I feel very differently about the inflation reduction. I really don't think that it is nearly of the same magnitude as the COVID epidemic. It's actually tiny. I mean, it is called the Inflation Reduction Act because we're in a period of high inflation. It's called the Inflation Reduction Act of 2022, but it's really going to do nothing in 2022, or 2023, or 2024. If you look at how much the Inflation Reduction Act will really reduce our deficit, it's going to reduce our deficit by about $20 billion over the next five years. And that is tiny. That is tiny. Over 10 years, it'll reduce the deficit by about $300 billion, which sounds like a lot of money because it is to all of us. But in the context of the balance sheet of the United States government, we're talking about undetectable differences. There's a colossal amount of overselling of the Inflation Reduction Act—which is different from saying it's a bad act. We should probably spend some time talking about all the good ideas in it. But, it's a tiny piece of legislation relative to the enormous dent that COVID-19 has put into the health of the economy and the health of all Americans.
Ralph Ranalli: Well, I think people are saying about the Inflation Reduction Act, if you look at the optimistic takes on it, that it may be a tiny step, but it's a tiny step in a space where we were getting no steps at all. And that particularly in the area of controlling prescription drug costs in the United States, it was seen as breaking the grip ever so slightly of big pharma in terms of drug pricing. Do you take any positives away from just the spirit of it, as opposed to the admittedly tiny magnitude of it?
Amitabh Chandra: It is true that it's the first time that Pharma, the Trade Association of Pharma, and Bio, the other trade association, have actually lost. In that sense, is there some significance to Congress passing legislation that hurts the revenues of the pharmaceutical industry, is that salient? Absolutely. But, that's quite different than saying, "We have taken a big piece out of the industry." Let me just explain and put all of this into context. If you think about how much money we will save as a result of the act's provisions in the drug pricing part of the act, over 10 years we'll save, if you're optimistic, about $300 billion. That's about $30 billion a year. Just to be clear, those savings won't kick in for many years. But let's just assume that over the... Let's just be optimistic and say they'll kick in right away, which, just to be clear, the act, it's not written that way. But, we're going to be saving about $30 billion a year. That sounds like a lot of money. But look, annual spending on drugs is about $450 billion a year. This is less than 10%.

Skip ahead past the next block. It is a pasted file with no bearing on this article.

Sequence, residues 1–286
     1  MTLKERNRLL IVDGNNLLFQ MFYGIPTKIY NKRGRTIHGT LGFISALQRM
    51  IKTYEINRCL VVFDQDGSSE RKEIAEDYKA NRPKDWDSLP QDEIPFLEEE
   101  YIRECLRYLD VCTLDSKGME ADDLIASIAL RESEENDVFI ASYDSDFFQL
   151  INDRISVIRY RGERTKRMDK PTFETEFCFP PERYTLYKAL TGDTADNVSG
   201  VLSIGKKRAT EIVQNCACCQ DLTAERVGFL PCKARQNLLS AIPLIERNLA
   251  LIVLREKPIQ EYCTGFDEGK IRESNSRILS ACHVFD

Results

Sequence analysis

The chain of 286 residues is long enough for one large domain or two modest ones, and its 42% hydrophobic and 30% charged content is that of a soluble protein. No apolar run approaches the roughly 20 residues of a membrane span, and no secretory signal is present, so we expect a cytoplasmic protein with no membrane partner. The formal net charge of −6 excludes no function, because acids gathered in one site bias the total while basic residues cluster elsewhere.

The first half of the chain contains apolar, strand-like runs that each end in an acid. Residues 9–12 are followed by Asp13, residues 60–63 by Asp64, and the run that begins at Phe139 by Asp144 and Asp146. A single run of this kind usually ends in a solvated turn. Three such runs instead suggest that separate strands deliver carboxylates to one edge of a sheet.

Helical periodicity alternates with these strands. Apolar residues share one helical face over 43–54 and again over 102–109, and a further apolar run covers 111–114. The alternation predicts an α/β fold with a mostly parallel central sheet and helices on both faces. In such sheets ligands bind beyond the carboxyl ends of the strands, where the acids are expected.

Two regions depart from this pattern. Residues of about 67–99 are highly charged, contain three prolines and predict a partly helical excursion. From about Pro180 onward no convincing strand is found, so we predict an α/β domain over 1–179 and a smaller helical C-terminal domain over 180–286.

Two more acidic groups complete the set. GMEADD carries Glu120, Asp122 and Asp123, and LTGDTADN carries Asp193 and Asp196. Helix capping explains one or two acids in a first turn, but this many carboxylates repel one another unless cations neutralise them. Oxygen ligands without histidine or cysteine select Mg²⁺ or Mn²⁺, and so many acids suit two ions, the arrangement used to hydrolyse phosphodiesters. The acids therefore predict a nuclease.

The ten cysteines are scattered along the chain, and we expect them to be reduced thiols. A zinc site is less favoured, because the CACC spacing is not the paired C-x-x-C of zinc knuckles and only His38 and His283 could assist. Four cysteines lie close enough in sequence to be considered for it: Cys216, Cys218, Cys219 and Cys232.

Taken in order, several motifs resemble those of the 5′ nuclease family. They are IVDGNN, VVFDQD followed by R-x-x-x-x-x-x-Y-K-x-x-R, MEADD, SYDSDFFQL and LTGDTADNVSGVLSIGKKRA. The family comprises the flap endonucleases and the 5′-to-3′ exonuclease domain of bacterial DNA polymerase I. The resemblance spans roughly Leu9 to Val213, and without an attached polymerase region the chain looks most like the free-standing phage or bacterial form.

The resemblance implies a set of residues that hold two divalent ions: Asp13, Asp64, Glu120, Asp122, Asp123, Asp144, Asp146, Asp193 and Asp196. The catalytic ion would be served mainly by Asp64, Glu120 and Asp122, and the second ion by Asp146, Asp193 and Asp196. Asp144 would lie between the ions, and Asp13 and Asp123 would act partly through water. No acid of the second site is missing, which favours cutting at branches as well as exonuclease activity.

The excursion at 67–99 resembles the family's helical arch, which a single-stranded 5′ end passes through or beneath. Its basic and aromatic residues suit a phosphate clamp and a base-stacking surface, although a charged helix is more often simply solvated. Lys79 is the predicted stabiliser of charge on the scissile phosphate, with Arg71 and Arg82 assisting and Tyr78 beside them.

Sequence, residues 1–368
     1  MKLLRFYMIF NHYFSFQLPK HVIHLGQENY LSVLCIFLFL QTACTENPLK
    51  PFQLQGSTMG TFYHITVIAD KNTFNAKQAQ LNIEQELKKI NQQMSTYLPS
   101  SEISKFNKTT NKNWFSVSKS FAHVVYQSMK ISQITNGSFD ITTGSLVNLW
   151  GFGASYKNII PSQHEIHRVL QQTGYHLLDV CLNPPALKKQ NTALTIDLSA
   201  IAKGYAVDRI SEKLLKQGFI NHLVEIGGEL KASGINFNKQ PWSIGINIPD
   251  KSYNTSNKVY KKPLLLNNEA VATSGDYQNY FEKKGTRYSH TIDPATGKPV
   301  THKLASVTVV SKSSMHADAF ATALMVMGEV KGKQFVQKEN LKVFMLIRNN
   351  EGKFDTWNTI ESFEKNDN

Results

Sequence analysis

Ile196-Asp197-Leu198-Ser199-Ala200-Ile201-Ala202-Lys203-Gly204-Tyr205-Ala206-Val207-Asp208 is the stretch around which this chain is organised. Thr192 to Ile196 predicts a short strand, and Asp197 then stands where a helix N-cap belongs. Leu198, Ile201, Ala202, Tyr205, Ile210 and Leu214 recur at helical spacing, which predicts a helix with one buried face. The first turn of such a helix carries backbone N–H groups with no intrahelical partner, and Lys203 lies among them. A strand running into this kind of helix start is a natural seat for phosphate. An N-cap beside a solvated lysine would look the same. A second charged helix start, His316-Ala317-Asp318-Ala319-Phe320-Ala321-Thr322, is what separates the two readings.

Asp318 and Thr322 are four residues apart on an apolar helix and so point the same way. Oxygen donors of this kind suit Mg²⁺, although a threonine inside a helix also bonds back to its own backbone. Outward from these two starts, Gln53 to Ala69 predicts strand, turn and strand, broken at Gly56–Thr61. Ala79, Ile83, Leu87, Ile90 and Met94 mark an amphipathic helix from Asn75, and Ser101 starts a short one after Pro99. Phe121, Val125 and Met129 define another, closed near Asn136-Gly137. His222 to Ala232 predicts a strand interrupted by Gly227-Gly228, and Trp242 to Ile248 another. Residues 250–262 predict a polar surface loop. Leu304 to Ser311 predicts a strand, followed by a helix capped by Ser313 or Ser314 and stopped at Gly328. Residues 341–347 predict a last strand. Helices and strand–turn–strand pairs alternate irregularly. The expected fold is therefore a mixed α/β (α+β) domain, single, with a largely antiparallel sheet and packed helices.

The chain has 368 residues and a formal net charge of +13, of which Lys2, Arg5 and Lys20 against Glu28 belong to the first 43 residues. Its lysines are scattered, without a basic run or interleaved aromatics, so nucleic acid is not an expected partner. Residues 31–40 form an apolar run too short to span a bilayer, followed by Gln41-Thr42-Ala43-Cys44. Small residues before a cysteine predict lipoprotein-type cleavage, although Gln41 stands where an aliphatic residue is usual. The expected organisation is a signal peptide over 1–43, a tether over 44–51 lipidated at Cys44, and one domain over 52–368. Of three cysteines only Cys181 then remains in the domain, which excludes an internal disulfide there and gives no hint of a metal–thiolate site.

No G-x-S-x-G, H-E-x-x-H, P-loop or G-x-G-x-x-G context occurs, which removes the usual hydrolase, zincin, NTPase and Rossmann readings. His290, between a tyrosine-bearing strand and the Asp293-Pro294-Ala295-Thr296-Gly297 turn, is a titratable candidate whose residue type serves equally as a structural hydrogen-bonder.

Then the question becomes, is this the right way to even do it? There are a variety of drugs where the government is appropriately worried about that high price. But what you see in the Inflation Reduction Act is an extremely arbitrary way at getting at solutions to reduce the price. The idea here, and the act is, let's pick 10 medicines in 2026 and negotiate the price of 10. Let me assure you that we're having problems with many more than 10 medicines. Then when we get up to 2029, when the full act takes place, we're talking about negotiating the price of 20 medicines. We're talking about 10 and 20 medicines. We know that there are thousands of medicines out there. Again, is that really the right way to go about doing it? Then, is this really even negotiation? Because as you know, the way the act works, if a manufacturer does not give the government the price that the government wants, then the government is able to put a colossal excise tax on the manufacturer. Is that really negotiation? The tax is colloquially described as being somewhere between 65% of total sales for drugs all the way up to 95% of sales. Is that really negotiation? That's something we really have to grapple with. I think we call this negotiation, but is it really negotiation if I walk up to you, or my friend Soroush, and say, "Soroush, I'm going to beat you up if you don't hand me your wallet"? Then Soroush hands me his wallet. Is that really negotiation? Other companies don't negotiate in this manner. Negotiation means you offer a price. And if you don't get the price, you don't get the drug. You don't get to then use the full taxing authority of the United States government to get the price that you want. If you start to do things like that, it will affect the pharmaceutical companies' incentives to be in the pharmaceutical business.